Because SNC's filing to the court relies on material subject to a GAO protective order (because of its bid protest to GAO) and on other material that may contain proprietary information, SNC further requests the court to keep the primary documents it filed with the court (memorandum and appendix) under seal. For now, at least, only a few of SNC's documents are available to the public through the court's PACER electronic system: Plaintiff's Motion for Leave to File Documents Under Seal and Motion for a Protective Order, Motion for Declaratory and Injunctive Relief, and Plaintiff's Applications for a Temporary Restraining Order to Prevent Unlawful Override of CICA Stay.
The court has scheduled a hearing on the case, Sierra Nevada Corporation v United States, before Judge Marian Blank Horn for 10:00 am ET tomorrow, October 17.
The good news is that the two European Union (EU) Galileo navigation satellites launched in August are in "excellent health and working normally." The not so good news is that they are in the wrong orbit. What they will be used for is an open question.
The European Space Agency (ESA), which serves as the design and procurement agent for the satellites, announced today that the pair of satellites were handed over from ESA's Space Operations Center (ESOC) in Darmstadt, Germany to the Galileo Control Center in Oberpfaffenhofen, Germany in late September.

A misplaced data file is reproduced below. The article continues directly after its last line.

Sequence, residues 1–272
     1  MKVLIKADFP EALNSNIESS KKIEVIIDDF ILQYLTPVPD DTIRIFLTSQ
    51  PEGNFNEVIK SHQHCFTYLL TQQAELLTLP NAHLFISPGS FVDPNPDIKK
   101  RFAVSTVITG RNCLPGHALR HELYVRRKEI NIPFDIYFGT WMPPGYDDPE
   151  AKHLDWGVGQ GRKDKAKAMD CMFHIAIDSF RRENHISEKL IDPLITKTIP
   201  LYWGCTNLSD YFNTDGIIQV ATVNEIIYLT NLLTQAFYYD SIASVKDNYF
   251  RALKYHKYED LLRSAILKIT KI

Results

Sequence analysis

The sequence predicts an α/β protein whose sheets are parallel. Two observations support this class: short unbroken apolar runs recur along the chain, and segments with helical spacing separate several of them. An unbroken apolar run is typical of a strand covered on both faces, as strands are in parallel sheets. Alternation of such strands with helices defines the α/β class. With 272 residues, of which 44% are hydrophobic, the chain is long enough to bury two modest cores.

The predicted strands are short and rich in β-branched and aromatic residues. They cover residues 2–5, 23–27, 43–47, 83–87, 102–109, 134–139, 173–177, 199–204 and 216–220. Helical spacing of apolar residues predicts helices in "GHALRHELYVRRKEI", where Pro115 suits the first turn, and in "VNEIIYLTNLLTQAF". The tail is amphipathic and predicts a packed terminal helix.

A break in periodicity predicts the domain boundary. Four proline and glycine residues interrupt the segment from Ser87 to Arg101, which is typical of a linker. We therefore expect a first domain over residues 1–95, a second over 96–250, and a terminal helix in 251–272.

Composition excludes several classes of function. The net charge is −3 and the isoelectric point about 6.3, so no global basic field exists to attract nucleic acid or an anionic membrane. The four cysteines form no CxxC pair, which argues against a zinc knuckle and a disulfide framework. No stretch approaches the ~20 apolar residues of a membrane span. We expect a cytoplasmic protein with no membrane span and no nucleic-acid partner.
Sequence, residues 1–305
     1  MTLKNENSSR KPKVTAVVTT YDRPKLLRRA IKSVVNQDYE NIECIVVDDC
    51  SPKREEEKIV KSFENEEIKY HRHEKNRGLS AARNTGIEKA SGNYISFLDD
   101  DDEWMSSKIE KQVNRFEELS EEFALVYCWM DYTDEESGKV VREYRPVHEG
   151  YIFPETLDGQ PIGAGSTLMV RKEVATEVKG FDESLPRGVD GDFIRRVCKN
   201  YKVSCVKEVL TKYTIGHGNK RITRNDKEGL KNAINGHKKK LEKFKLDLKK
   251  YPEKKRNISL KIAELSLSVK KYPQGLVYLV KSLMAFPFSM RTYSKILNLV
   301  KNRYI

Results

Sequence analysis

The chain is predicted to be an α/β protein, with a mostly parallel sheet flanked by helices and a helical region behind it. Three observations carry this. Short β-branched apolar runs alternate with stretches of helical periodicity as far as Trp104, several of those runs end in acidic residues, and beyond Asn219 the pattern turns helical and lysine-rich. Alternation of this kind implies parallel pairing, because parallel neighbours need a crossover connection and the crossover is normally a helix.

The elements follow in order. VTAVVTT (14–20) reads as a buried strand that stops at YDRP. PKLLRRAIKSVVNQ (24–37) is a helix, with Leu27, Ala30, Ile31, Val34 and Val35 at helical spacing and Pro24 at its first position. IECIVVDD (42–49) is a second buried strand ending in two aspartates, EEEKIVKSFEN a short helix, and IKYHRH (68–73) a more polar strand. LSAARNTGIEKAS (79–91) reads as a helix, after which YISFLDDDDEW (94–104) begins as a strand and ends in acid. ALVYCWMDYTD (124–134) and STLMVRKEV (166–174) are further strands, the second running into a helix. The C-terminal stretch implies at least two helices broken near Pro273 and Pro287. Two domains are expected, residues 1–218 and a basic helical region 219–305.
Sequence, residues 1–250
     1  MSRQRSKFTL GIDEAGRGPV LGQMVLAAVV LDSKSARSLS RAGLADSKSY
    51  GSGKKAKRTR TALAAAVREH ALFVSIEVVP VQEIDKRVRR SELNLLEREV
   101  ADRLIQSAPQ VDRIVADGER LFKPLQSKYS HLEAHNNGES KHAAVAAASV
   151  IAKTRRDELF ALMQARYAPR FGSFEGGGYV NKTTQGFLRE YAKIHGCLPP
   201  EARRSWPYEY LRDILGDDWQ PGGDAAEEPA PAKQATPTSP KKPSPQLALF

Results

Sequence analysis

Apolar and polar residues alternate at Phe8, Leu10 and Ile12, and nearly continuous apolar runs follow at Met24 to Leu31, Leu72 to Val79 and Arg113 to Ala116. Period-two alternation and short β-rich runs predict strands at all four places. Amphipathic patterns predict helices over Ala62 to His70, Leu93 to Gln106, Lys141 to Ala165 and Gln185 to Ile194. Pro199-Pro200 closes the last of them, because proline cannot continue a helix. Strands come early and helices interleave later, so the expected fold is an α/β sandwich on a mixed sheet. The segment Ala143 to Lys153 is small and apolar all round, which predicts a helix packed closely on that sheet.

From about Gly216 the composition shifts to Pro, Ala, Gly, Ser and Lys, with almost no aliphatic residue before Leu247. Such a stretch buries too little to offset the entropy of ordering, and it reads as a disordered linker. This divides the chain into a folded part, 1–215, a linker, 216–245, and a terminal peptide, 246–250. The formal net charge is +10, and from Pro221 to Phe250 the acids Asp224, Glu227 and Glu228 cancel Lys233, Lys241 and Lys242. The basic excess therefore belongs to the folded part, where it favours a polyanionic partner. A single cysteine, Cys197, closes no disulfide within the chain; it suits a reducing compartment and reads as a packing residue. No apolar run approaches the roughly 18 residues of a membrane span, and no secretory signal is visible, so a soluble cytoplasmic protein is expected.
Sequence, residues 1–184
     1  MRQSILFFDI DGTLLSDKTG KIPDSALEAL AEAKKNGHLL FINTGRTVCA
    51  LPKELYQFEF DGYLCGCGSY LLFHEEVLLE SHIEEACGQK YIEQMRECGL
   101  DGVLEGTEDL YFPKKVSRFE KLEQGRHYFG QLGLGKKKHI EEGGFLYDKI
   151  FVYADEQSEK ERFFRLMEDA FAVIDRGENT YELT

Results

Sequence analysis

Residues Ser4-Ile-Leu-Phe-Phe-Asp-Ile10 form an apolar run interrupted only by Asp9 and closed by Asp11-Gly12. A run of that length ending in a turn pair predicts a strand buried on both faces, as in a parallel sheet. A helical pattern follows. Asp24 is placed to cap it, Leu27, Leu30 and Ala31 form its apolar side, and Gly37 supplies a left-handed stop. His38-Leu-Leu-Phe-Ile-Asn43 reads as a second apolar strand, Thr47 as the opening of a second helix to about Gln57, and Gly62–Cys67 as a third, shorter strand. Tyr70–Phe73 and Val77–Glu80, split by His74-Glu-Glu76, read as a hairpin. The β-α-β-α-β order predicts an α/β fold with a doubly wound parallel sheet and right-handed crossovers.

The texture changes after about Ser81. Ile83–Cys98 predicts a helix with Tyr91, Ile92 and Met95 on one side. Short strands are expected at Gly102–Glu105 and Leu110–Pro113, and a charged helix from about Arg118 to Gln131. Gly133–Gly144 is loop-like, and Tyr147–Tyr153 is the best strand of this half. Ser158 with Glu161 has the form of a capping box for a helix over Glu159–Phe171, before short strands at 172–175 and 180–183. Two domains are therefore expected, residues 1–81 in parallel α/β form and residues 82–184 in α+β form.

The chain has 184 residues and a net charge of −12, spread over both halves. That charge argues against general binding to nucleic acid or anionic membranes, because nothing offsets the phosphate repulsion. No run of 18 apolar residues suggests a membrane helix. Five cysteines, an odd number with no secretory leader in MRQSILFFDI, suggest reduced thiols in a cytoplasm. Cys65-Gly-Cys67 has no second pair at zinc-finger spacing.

Galileo is Europe's version of the U.S. Global Positioning System (GPS) for providing positioning, navigation and timing (PNT) data. The EU and ESA shared Galileo development costs, but the EU is shouldering the full cost of the operational system.
These two satellites, the first of 30 that will comprise Galileo's Fully Operational Capability (FOC), were launched by Arianespace from Kourou, French Guiana, using Russia's Soyuz rocket and Fregat upper stage on August 22, 2014.
Initially, the launch was thought to have been a complete success, but ESOC soon determined that the satellites were not in their correct orbital locations. Further analysis showed the satellites were in an orbit with an apogee that is too high, perigee that is too low, and at the wrong inclination. Ultimately it was determined that the Fregat upper stage had malfunctioned.
In addition, one solar panel on each OHB-built satellite had not deployed. Controllers were able to point the satellites so the solar array release mechanisms could be warmed by the Sun and that did the trick. Thus they are fully functional now, but what use they will be in that orbit is unclear. They do not have sufficient on-board fuel to reach their correct orbit. The ESA announcement said the Galileo Control Center will "care for them pending a final decision on their use."
Events of Interest